I’ve moved on to Paula Abdul. Messy.
I’ve moved on to Paula Abdul. Messy.
I got laid off today, I’m drunk on wine after a team wake, and now I’m home. Dolly’s helping. She always does.
I got laid off today, and now I’m home, drunk on wine after a team pub wake, and Dolly is making me feel better. :) / Sydney, Apr 3
Oh, I am so NOT ready/Central Station, Sydney, Apr 2
Finally found a picture worthy of a Throwback Thursday post. Like my fedora?
Gay marriage/Sydney, Mar 22
Mad geeky/Elizabeth’s Bookshop, Sydney, Mar 13
This week! Seriously, I’m getting whiplash from all the gasping and heaving and furious shaking of the head that has accompanied so much of my daily news intake. On the heels of that amazing Gerard Depardieu story I posted yesterday comes The Hollywood Reporter’s action-packed, totally batshit recap of the infamous “Snow White Incident” that opened the 1989 Oscars, which many consider the entire enterprise’s nadir. (I vote for the moment poor Sean Penn had to say “And the Oscar goes to…Sandra Bullock.”)
This is a fine piece of entertainment journalism, made all the better because writer Seth Abramovitch wastes no time trying to make apologies for how utterly absurd his subject actually is - yet he treats it with total deference. Clearly the guy knows exactly who’s interested in this sort of ephemera, and exactly what they want to hear. Merv Griffin, Glenn Close’s boobs, a portly, self-indulgent director who swans around in caftans and owns a pool with pink water…the story takes us to so many wild and woolly places in the Hollywood (and therefore American) firmament that it should be required reading in all schools/on all future government citizenship tests.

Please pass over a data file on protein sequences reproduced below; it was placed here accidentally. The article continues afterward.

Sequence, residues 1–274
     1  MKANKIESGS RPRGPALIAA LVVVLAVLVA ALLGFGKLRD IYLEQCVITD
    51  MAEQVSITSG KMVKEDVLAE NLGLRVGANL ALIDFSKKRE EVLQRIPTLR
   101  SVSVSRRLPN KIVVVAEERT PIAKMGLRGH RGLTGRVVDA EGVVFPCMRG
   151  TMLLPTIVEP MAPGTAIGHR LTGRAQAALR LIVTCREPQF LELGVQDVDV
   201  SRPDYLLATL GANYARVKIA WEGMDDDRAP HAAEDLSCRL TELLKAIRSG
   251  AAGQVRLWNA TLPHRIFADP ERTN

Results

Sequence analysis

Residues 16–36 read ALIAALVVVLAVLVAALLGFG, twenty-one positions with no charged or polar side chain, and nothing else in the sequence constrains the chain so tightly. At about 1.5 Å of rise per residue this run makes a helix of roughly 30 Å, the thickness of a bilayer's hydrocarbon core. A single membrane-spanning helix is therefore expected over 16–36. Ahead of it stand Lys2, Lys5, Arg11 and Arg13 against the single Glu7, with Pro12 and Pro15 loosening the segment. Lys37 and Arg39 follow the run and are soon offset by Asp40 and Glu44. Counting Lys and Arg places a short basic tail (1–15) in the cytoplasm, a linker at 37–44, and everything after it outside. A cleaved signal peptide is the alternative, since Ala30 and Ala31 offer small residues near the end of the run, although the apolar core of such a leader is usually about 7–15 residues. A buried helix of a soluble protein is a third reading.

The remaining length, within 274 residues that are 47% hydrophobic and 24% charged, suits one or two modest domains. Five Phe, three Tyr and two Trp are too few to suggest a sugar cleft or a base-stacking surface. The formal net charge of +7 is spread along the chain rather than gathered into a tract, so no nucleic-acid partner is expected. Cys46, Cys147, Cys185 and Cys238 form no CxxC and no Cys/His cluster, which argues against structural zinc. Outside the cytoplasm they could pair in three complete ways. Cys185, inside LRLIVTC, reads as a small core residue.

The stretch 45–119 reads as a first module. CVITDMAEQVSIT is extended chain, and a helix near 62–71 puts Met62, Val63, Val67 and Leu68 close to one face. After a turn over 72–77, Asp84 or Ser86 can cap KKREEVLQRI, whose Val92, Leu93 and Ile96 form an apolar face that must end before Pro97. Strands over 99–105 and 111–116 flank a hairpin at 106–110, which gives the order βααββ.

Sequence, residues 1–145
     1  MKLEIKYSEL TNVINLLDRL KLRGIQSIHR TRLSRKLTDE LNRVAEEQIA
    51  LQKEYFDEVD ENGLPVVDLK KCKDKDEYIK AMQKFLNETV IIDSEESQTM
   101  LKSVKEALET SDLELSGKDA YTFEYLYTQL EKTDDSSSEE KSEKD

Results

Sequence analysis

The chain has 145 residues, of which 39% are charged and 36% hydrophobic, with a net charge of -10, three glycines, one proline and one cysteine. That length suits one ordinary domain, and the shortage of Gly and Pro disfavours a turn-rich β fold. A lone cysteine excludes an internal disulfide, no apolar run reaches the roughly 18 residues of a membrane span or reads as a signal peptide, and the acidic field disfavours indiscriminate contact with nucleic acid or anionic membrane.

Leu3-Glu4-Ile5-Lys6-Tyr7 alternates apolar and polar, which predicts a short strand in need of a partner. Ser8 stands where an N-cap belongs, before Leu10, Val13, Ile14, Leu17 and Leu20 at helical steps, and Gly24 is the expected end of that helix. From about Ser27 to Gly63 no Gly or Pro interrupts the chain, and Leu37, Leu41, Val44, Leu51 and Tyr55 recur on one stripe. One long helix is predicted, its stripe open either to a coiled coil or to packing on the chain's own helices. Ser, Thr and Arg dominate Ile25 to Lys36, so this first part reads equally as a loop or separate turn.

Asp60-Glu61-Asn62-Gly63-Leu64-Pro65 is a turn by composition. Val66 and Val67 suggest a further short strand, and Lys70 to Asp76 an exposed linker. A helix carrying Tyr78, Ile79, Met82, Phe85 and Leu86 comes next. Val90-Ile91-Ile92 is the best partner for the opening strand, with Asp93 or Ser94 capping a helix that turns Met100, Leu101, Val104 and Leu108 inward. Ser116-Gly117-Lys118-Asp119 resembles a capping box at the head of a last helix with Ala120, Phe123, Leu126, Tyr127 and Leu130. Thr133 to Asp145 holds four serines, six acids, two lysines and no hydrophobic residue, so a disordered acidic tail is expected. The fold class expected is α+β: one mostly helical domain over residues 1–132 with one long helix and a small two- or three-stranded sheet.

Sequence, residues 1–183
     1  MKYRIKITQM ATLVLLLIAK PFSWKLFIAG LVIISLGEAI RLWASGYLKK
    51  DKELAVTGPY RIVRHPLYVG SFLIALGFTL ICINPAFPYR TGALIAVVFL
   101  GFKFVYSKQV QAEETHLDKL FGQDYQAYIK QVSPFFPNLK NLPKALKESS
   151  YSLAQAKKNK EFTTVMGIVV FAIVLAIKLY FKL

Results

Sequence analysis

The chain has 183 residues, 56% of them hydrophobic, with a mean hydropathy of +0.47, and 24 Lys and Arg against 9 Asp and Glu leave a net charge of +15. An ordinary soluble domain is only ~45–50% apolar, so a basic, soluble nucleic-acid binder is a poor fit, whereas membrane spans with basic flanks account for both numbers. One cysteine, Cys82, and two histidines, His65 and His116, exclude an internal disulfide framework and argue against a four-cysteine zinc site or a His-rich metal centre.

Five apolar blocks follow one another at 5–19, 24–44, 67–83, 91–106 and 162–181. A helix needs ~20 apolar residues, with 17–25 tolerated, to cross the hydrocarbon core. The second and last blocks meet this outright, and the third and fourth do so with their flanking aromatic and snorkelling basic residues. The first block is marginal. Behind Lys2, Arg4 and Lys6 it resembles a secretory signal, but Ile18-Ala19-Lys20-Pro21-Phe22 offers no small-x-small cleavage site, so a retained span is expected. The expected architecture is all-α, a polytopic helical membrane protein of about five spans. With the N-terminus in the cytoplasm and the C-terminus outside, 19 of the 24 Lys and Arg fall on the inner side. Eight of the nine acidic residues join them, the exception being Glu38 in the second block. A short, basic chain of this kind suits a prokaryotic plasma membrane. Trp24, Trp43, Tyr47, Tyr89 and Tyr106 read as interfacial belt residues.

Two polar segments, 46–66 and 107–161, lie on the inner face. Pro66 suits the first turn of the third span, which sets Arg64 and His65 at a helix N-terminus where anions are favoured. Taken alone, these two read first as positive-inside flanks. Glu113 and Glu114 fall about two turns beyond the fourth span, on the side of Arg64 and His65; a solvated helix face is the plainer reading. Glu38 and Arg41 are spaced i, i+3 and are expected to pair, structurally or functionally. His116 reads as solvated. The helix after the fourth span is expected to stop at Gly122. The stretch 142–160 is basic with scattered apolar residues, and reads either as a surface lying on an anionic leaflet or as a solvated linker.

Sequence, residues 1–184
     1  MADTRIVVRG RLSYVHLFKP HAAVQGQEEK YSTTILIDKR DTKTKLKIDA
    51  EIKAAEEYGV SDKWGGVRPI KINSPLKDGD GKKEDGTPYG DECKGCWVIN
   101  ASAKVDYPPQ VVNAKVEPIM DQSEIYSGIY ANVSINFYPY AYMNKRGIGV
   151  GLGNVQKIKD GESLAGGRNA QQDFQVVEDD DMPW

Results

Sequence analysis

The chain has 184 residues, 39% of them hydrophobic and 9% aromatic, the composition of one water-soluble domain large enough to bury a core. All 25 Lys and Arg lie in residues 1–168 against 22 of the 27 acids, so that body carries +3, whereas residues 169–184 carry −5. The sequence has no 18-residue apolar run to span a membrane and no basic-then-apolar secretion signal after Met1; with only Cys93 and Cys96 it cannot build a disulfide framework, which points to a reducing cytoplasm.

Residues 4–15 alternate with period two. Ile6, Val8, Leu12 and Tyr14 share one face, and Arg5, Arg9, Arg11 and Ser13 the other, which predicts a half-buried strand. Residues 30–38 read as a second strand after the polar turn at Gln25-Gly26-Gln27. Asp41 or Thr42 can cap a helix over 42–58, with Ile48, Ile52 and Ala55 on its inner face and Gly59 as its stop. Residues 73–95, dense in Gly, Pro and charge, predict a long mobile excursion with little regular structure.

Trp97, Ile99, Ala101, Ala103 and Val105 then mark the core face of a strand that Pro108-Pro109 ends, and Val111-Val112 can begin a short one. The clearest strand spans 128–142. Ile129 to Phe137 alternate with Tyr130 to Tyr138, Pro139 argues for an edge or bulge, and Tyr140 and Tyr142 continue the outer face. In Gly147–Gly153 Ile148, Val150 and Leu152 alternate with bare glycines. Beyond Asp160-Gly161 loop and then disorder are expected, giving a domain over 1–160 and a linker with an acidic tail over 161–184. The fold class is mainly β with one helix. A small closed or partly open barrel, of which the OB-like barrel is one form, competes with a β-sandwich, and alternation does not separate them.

You know what I’m going to do now, right? Yeah, you know.
THE TEN MOST AMAZING LINES FROM SETH ABRAMOVITCH’S HOLLYWOOD REPORTER ORAL HISTORY OF THE ILL-FATED ‘89 OSCARS OPENING NUMBER
1. “’It wasn’t her fault,’ recalls Landau. ‘I empathized with her. Poor Snow White. She didn’t have the dwarves to support her.’”
2. “As the sketch bombed on for 15 agonizing minutes, dancing tables wackily re-created the post-Prohibition Cocoanut Grove nightclub, Merv Griffin performed his 1950 hit ‘I’ve Got a Lovely Bunch of Coconuts,’ and a befuddled parade of decrepit screen stars emerged before Lowe took the stage as Snow White’s ‘date.’”
3. “When approached for comment, COO Ric Robertson said: ‘We’re pleased to join The Hollywood Reporter in saluting the ‘Snow White Incident’ on its 24th anniversary. This important piece of Hollywood history should never be forgotten.’”
4. “Our first stop was Allan Carr’s house. I remember his swimming pool had pink water in it. He had a 30-foot Oscar outside his door and auditioned us in a robe.”
5. “Our next stop was Marvin Hamlisch’s office. We were told to hold hands and walk down the street so people would go, ‘Ooooh.’”
6. “My dress was bought for $23,000 by someone involved with the production who was buried in it. It was a man. I’m leaving it at that.”
7. “I ran into Glenn Close. She said, ‘Well, hi, Snow White.’ I went: ‘I can die now. I just ran into Glenn Close’s bust.’”
8. “That’s when I put my foot down. I said: ‘I’m not going to be your little doll dressed as Snow White at the Governors Ball.’”
9. “I went to my dressing table and was taking my costume off, and there was Olivia Newton-John using my blush — which I still have.”
10. “All I can say is what Rob Lowe said, “Never trust a man in a caftan.’”
There’s nothing I don’t love about Gerard Depardieu renouncing his French citizenship and becoming a Russian because Gallic nonsense, Vladimir Putin and famous people who pee on airplanes are three of my very most favorite things!